Pope Francis tells man who was sexually assaulted by Catholic priest that ‘God loves gay people and it is fine to be homosexual’ in closed-door meeting with Juan Carlos Cruz in the Vatican
“For this cause God gave them up unto vile affections: for even their women did change the natural use into that which is against nature: And likewise also the men, leaving the natural use of the woman, burned in their lust one toward another; men with men working that which is unseemly, and receiving in themselves that recompence of their error which was meet.” Romans 1:26,27 (KJV)
EDITOR’S NOTE: Hoo boy, where oh where do I even start with this story? In the 1980’s in Chile, Juan Carlos Cruz was repeatedly raped and sexually assaulted by his Catholic priest the Rev. Fernando Karadima. Cruz was by far not the only victim of the pedophile priests at the parish of El Bosque in Santiago, and the assaults were covered up by Bishop Juan Barros, who witnessed it all. Flash-forward to 2015 when Cruz writes a letter to the pope, begging for help, and the pope does nothing. In fact, when asked about it on his trip to Chile back in February, Pope Francis denied ever receiving such a letter, and when an uproar resulted from the Chilean victims, Francis was forced to confess that ‘grave errors’ were made by the Vatican. Hmm…but it amazingly doesn’t end there. Flash-forward to May 2018, and the Catholic priest rape victim who became homosexual after being raped, had a private meeting with Pope Francis at the Vatican where Francis told him that ‘being gay is OK’, and that ‘God made you that way’. These are the words of a man who claims to be the ‘vicar of Christ‘, who believes he sits in the place of God on this Earth, according to the official Catholic catechism.
The Pope made the remarks, which went significantly beyond his previous tolerance for homosexuality, during a meeting three weeks ago with a Chilean man who had been sexually abused by Catholic priests.
Pope Francis offered a heartfelt apology to Juan Carlos Cruz, who was a victim of Chile’s most notorious abusive priest, Fernando Karadima. Mr Cruz, who is gay, said the conversation moved on from the abuse crisis to the nature of homosexuality.
“He told me ‘Juan Carlos, that you are gay does not matter. God made you like that and he loves you like that and I do not care.
“The Pope loves you as you are, you have to be happy with who you are,’” Mr Cruz told El Pais, the Spanish newspaper. The Pope’s words appeared to go further in terms of tolerance than remarks he made in 2013, when he said of homosexuals “Who am I to judge?”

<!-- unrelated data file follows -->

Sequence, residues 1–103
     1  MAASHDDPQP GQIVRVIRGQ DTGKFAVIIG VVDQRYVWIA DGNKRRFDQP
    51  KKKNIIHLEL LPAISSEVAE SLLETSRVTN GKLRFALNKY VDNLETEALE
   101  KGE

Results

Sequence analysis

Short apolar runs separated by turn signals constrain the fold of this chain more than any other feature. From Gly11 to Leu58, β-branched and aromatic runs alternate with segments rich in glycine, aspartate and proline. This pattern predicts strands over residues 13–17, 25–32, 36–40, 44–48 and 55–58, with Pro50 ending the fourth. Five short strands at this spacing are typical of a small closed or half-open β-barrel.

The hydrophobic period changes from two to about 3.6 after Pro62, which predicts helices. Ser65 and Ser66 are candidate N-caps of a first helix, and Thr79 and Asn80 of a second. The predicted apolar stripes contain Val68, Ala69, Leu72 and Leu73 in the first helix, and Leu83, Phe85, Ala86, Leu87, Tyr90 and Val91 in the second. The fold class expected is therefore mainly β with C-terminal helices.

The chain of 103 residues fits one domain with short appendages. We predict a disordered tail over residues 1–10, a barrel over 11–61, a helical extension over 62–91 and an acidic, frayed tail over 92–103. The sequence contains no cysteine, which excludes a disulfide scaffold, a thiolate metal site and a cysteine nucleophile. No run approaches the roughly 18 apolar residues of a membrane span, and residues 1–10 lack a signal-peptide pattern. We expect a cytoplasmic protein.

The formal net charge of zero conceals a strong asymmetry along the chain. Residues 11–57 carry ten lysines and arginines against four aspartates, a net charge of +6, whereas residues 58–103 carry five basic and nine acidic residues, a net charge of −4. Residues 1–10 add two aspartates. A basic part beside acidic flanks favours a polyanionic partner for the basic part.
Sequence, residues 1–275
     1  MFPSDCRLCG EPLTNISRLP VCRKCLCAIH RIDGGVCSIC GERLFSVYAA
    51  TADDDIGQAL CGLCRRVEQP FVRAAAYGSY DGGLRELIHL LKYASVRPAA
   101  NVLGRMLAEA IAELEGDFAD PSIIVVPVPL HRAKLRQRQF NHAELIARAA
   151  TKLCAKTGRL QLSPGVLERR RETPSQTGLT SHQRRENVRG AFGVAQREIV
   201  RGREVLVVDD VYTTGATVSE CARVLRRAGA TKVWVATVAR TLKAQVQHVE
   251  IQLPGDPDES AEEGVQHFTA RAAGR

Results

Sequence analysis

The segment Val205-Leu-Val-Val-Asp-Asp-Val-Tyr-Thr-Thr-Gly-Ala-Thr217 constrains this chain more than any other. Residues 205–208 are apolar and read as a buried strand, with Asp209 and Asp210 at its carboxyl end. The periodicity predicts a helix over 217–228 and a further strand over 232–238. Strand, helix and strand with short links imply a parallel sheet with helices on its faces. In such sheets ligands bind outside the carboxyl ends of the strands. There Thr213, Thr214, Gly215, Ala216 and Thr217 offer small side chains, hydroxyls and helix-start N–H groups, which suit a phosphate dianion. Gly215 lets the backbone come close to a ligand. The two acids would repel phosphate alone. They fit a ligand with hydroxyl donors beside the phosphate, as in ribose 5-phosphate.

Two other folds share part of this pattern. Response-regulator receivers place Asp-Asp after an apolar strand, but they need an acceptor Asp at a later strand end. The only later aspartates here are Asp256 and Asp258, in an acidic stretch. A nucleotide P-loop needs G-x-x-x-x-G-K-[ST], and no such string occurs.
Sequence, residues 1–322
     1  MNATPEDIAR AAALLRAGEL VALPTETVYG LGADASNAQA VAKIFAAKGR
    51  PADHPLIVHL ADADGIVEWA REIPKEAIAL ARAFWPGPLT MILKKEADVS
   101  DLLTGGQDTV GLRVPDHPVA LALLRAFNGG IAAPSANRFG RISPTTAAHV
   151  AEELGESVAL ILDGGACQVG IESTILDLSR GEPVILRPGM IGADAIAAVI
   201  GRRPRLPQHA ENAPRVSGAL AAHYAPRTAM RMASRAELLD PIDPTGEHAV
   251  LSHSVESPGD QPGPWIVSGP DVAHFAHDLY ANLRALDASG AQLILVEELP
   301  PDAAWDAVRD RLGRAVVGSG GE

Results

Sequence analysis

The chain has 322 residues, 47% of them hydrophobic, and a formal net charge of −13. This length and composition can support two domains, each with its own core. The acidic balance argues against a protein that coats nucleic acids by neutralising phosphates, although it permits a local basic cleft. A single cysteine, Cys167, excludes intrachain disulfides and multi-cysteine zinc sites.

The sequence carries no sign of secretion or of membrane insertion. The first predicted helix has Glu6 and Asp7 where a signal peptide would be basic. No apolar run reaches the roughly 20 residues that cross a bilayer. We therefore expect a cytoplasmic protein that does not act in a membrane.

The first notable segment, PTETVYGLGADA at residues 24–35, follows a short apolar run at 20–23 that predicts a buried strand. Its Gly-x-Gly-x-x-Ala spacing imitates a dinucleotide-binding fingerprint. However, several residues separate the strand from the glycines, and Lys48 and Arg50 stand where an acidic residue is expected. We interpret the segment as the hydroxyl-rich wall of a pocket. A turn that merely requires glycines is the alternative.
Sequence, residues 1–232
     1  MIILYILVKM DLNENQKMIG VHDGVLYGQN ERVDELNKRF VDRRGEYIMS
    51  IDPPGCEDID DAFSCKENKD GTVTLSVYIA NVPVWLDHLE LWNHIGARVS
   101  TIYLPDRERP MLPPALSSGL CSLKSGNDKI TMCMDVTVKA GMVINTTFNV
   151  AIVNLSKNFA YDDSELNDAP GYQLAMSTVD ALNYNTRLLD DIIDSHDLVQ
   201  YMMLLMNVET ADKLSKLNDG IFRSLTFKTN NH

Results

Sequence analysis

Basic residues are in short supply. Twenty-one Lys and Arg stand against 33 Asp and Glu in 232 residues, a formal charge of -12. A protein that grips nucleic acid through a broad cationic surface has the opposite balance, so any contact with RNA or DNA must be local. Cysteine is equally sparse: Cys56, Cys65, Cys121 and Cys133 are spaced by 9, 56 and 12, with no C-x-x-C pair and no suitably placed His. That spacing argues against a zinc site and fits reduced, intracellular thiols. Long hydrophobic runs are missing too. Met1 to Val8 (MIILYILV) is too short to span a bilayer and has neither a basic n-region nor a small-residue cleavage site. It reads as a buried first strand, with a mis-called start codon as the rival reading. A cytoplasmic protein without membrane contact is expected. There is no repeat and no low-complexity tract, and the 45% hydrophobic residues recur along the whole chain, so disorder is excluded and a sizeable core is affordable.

Speaking to the Vatican press corps on his return to Rome from a trip to Brazil, he said gay people should not be marginalised but rather integrated into society. He was responding to questions about claims of an alleged “gay lobby” of clerics working in the heart of the Vatican.
“If a person is gay and seeks God and has good will, who am I to judge?” Pope Francis replied.
The Roman Catholic Church insists that while homosexual orientation is not sinful in itself, homosexual acts certainly are because they are “against natural law”. The Pope is not changing official Church teaching, but he is at least signalling a much more open and inclusive approach, which will upset many conservative Catholics.
The Vatican neither confirmed nor denied the comments that Francis reportedly made to Mr Cruz.
“This is not a shift in theological teaching or dogma,” said Robert Mickens, a Vatican expert and the editor of La Croix International, a Catholic publication.
“It was a pastoral response to an individual. The Pope always likes to deal with the individual.” The Pope elaborated on his ‘who am I to judge?’ comment in a recent book by an Italian expert on the Vatican.
Pope Francis accused the victims of the Chilean Catholic priests of ‘slander’ and refused to hear their complaints
The pontiff told him: “I was paraphrasing by heart the catechism of the Catholic Church where it says that these people should be treated with delicacy and not be marginalised.”
He added: “Let us not forget that God loves all his creatures and we are destined to receive his infinite love.”
Mr Cruz was one of three former sex abuse victims from Chile who came to Rome to receive an apology from Pope Francis for the years of abuse that they endured. The victims described clerical sexual abuse as “an epidemic that has destroyed thousands of lives.”
Pope Francis had initially been slow to realise the gravity of the crisis in Chile and even came to the defence of a controversial bishop linked to Father Karadima, the abusive priest.
But he performed an about-turn after Vatican investigators presented him with a 2,300-page dossier showing that sexual abuse of minors had been covered up in Chile for decades, in a pattern that has been repeated in many other countries, notably Ireland.
On Friday, Chile’s 34 bishops offered to resign en masse over the abuse scandal, an act without precedent in the history of the Catholic Church. source
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